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Patients with T2DM are more likely to experience resistant infections, mainly of the respiratory and urinary tracts, than healthy individuals, according to a recent meta-review.

Type 2 diabetes mellitus (T2DM) is a global health burden associated with increased economic costs, mortality, morbidity, and disability. While T2DM is significantly related to the development of non-communicable diseases, it is considered an essential prognostic factor in communicable or infectious diseases. However, a limited number of studies thoroughly assess the association of bacterial-resistant infections with T2DM. A systematic review and meta-analysis, published in the Journal of Epidemiology and Community Health, assessed whether T2DM patients were at greater risk of suffering from antibiotic-resistant infections than healthy individuals without T2DM.
The review included 61 studies with 449,247 subjects in review and meta-analyses. Most of the studies were case-control and cross-sectional studies, investigating several infection sites, including respiratory and urinary tract infections at large. According to the random-effects meta-analysis, patients with T2DM were at a twofold higher risk of developing antibiotic-resistant urinary tract and respiratory infections. While the evidence provided in the studies was heterogeneous for infection sites other than respiratory and urinary tracts, the studies supported the association of T2DM with antibiotic-resistant infections. Other infection sites included intra-abdominal, surgical, ophthalmic, and skin or soft tissue infections.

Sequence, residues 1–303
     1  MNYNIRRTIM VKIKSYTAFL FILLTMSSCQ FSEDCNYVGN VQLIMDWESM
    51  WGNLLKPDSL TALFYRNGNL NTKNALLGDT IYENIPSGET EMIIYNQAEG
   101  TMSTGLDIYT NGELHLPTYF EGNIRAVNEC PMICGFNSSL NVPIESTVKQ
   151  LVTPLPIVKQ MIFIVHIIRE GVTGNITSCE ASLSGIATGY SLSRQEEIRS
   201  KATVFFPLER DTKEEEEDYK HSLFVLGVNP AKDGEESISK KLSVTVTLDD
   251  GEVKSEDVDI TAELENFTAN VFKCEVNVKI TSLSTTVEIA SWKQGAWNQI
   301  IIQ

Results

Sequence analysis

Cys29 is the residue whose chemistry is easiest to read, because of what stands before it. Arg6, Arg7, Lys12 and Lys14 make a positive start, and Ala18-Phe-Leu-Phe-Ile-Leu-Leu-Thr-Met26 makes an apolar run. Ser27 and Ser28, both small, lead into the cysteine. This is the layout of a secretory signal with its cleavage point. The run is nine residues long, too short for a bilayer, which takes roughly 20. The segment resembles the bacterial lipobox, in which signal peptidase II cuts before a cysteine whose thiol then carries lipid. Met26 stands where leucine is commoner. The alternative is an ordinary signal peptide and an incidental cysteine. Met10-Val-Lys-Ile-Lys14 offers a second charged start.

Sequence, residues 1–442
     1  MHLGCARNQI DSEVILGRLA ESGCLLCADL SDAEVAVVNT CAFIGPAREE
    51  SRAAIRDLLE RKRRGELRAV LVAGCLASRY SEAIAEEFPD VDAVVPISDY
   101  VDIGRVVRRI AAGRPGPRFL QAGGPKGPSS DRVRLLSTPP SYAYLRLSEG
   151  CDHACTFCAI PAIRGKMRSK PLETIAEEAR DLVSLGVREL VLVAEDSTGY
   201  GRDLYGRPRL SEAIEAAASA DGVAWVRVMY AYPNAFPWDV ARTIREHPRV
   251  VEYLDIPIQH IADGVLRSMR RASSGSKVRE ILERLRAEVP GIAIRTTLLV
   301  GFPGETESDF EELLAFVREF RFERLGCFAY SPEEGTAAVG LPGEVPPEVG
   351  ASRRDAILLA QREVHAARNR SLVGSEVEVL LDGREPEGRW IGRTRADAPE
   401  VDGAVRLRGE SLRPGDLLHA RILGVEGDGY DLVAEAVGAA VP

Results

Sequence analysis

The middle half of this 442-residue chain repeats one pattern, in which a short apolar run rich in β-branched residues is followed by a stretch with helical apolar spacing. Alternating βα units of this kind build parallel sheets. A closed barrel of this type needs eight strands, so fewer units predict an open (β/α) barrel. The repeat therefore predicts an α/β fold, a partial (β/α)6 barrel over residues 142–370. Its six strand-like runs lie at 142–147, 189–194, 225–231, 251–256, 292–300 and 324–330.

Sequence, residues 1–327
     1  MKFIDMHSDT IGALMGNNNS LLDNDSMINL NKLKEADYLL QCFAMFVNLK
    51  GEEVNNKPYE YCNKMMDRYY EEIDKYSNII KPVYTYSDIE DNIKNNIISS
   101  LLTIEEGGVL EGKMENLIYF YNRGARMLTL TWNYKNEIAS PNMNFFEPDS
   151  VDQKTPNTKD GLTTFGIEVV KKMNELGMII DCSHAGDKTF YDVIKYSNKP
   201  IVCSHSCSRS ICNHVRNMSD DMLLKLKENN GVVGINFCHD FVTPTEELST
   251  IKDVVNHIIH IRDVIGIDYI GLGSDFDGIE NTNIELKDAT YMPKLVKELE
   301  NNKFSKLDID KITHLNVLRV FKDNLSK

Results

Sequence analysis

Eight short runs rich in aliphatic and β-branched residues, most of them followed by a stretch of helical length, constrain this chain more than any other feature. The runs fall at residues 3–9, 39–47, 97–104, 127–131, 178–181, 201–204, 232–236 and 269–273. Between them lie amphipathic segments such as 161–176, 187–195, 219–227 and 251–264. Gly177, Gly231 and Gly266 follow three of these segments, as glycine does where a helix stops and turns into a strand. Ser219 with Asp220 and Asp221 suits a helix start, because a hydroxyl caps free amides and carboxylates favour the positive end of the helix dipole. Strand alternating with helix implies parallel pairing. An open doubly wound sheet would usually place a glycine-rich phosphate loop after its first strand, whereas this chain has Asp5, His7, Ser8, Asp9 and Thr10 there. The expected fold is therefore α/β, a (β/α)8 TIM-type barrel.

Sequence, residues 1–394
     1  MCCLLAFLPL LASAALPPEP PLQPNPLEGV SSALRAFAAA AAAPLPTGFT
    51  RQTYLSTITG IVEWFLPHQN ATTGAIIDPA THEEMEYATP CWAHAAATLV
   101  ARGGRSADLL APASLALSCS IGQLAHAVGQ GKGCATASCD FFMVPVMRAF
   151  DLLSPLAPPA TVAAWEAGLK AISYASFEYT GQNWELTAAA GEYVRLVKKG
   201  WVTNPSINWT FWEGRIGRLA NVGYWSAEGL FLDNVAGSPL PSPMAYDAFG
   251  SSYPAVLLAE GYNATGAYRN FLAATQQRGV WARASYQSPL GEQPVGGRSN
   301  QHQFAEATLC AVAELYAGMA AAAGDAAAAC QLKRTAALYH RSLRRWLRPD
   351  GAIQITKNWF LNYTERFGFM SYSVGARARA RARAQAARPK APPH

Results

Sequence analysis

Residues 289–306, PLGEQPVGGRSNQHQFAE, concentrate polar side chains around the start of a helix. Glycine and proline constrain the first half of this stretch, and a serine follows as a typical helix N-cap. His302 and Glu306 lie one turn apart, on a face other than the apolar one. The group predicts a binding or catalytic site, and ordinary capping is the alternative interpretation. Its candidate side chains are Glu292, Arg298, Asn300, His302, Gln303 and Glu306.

The association of T2DM with antibiotic-resistant infections is supported by the negative interactions between T2DM and the immune system of the affected individual, which makes the individual susceptible to contracting antibiotic-resistant bacteria. In addition, the pharmacokinetics of antibiotics among obese individuals may manifest as suboptimal antibiotic levels, increasing the risk of developing antibiotic resistance.
In summary, patients with T2DM are more susceptible to resistant infections of the respiratory and urinary tracts. Effective decision-making and comprehensive clinical knowledge can be effective in formulating empirical treatments for T2DM and antibiotic-resistant infections.
Carrillo-Larco, R. M., Anza-Ramírez, C., Saal-Zapata, G., Villarreal-Zegarra, D., Zafra-Tanaka, J. H., Ugarte-Gil, C., & Bernabé-Ortiz, A. (2022). Type 2 diabetes mellitus and antibiotic-resistant infections: a systematic review and meta-analysis. J Epidemiol Community Health, 76(1), 75-84. https://doi.org/10.1136/jech-2020-216029

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